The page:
WikiLeaks founder Julian Assange arrives at court in London on May 1, 2019 to be sentenced for bail violation.
Daniel Leal-Olivas | AFP | Getty Images
Wikileaks founder Julian Assange will be able to challenge a decision that allows him to be extradited to the U.S. on espionage charges, the U.K. High Court said Monday.
In December, the U.S. government won an appeal in London’s High Court meaning Assange was a step closer to being extradited from Britain to the United States. But on Monday, the court ruled that he could now take an appeal to the country’s Supreme Court.
Assange is wanted by U.S. authorities over the publication of hundreds of thousands of classified military documents and diplomatic cables in 2010 and 2011. They say his actions put lives in danger and they accuse him of 18 counts, meaning he faces a 175-year prison sentence.
In early 2021, a U.K. judge had ruled that Assange should not be extradited, after his lawyers argued that there was a high risk that he would attempt to take his own life in a U.S. prison.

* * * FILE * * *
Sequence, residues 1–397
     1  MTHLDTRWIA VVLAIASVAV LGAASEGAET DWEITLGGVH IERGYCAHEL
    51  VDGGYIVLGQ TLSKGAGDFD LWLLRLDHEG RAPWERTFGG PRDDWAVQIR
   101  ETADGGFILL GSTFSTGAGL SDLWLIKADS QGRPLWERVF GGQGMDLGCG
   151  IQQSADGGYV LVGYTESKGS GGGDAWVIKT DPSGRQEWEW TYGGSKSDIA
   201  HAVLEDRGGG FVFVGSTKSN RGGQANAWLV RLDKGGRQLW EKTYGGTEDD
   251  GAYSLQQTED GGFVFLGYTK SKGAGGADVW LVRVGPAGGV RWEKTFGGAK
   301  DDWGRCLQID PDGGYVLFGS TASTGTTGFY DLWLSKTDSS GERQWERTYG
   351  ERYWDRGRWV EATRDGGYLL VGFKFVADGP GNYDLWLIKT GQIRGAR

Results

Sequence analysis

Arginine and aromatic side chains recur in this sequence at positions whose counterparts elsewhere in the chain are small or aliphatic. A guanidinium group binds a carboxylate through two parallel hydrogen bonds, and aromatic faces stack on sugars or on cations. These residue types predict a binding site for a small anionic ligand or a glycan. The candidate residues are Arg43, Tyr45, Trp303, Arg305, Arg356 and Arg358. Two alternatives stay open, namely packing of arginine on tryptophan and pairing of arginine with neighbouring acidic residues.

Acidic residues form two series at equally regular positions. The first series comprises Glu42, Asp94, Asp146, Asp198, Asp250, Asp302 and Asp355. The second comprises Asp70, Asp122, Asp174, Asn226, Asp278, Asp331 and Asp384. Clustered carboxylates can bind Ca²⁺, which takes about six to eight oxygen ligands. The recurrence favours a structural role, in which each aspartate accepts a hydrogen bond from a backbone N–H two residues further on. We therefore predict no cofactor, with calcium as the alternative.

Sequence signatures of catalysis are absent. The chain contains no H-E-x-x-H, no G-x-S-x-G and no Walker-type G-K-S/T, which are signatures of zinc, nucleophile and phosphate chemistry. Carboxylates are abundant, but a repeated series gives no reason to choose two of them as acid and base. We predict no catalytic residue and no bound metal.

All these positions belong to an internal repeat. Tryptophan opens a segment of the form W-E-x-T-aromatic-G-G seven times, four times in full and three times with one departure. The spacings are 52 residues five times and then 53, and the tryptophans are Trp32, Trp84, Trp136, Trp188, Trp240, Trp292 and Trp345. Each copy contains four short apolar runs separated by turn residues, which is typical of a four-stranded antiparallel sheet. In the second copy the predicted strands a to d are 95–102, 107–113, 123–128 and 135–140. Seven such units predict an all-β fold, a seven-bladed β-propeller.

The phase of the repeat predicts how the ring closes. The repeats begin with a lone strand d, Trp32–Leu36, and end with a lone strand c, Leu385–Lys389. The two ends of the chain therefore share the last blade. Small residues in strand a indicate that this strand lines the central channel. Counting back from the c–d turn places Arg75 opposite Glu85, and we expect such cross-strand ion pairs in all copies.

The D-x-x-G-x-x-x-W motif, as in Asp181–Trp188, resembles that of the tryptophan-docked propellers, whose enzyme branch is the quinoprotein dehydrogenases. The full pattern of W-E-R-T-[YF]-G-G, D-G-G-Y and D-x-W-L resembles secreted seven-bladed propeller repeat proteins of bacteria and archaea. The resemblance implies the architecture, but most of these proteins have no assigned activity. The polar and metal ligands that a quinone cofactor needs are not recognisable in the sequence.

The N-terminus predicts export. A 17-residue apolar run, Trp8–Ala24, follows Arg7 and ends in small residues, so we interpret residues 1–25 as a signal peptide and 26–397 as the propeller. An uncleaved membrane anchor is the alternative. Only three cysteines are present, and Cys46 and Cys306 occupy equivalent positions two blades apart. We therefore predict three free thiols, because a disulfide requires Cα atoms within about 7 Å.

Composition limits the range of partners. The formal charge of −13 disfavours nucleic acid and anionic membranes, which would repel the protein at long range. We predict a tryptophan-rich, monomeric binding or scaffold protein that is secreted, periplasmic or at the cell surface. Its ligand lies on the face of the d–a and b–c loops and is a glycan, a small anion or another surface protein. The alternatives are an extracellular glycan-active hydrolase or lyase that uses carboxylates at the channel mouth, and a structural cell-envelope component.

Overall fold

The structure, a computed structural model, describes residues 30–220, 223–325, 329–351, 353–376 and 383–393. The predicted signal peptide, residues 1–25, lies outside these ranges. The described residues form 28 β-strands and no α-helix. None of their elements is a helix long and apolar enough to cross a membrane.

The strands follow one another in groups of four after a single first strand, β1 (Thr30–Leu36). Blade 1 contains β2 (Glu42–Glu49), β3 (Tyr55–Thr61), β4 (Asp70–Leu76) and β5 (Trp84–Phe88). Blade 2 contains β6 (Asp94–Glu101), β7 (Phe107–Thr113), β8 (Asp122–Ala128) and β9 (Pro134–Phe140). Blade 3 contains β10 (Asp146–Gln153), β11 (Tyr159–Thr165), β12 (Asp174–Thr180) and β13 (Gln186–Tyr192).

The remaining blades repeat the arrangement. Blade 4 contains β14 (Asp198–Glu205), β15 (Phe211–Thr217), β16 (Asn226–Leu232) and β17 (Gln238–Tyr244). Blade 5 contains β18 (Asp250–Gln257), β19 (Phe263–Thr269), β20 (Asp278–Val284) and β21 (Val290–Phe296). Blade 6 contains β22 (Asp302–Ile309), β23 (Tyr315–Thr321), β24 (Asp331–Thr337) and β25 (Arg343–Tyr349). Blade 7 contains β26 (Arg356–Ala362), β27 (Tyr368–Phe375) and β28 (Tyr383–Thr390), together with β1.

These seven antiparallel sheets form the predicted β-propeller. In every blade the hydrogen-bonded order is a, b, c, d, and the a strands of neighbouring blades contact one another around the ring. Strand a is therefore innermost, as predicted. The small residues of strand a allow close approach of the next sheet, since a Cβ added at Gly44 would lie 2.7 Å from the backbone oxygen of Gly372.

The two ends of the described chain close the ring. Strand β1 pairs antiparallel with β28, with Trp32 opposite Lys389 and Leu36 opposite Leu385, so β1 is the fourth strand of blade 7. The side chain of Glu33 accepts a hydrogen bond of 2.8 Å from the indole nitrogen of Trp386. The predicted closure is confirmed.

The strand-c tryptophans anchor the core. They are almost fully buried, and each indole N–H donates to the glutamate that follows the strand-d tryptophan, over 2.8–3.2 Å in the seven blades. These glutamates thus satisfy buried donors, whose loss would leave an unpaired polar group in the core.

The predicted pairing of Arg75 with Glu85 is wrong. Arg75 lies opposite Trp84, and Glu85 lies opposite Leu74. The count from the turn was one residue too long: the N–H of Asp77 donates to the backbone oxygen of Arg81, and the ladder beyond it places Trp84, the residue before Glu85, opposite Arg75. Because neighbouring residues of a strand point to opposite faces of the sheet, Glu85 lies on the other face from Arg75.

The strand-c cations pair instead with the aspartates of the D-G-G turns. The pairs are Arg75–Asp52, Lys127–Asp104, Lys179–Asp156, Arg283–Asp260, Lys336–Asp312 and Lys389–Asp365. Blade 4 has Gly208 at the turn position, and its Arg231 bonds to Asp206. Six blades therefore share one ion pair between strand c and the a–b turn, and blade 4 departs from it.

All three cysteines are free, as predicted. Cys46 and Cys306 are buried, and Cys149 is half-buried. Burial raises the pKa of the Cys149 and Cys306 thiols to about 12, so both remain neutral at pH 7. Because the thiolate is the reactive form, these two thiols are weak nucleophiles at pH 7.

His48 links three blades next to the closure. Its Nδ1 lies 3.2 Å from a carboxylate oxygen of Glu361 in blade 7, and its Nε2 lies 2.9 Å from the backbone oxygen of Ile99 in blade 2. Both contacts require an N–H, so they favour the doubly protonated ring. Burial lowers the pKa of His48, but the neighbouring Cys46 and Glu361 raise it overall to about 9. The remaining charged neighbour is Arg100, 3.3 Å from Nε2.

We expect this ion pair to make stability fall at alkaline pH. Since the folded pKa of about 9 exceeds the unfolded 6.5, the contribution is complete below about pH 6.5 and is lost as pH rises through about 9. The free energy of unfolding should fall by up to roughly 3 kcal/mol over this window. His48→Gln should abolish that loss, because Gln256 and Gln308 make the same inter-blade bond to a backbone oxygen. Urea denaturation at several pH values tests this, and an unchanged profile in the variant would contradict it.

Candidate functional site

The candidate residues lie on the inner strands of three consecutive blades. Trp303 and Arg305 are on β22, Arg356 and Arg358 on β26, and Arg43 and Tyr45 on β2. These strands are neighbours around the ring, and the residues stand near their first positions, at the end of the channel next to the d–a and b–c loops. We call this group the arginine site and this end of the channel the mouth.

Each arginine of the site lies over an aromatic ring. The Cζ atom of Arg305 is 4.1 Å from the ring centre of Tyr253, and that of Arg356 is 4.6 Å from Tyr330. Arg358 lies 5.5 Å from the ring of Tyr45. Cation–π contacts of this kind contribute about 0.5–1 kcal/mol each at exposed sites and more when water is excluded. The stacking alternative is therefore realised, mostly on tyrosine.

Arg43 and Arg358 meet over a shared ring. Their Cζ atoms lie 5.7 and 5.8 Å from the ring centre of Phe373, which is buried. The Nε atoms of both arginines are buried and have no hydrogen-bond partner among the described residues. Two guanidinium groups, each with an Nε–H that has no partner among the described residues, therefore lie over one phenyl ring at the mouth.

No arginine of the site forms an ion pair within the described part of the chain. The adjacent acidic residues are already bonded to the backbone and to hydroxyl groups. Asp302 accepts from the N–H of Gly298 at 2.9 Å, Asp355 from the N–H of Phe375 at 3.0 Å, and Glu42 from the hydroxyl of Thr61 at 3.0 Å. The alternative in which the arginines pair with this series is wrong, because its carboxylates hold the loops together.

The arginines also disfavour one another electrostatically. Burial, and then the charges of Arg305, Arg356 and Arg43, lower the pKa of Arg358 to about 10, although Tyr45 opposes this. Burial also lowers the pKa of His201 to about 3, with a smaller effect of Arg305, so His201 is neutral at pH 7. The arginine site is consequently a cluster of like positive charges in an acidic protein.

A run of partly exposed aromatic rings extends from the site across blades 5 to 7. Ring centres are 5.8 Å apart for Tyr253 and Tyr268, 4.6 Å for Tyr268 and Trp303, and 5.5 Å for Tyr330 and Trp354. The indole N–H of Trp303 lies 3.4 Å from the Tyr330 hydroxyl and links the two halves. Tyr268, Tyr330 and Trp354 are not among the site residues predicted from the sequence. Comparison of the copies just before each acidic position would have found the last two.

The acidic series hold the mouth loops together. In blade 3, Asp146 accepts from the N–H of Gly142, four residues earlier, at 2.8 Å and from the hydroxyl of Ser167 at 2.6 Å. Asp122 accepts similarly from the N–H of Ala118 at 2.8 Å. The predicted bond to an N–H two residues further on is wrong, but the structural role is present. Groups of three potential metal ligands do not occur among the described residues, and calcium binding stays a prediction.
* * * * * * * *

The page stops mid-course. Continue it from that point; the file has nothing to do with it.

Assange, an Australian citizen, has been held in the U.K.’s Belmarsh prison since 2019. He previously spent several years in Ecuador’s London embassy to avoid being extradited to Sweden on sex crime accusations.
In late 2019, Swedish prosecutors dropped a nine-year investigation into a rape allegation made against Assange, eliminating the need for the U.K. to decide whether to extradite him to Sweden or the United States.
After the U.S. government won its appeal last month, Amnesty International called the decision a “travesty of justice,” claiming Assange’s U.S. indictment posed “a grave threat to press freedom both in the United States and abroad.”
“If upheld, it would undermine the key role of journalists and publishers in scrutinizing governments and exposing their misdeeds would leave journalists everywhere looking over their shoulders,” the organization said in a statement at the time.
Assange founded WikiLeaks in 2006, later describing the publication as “a giant library of the world’s most persecuted documents.”
—CNBC’s Sam Shead contributed to this article.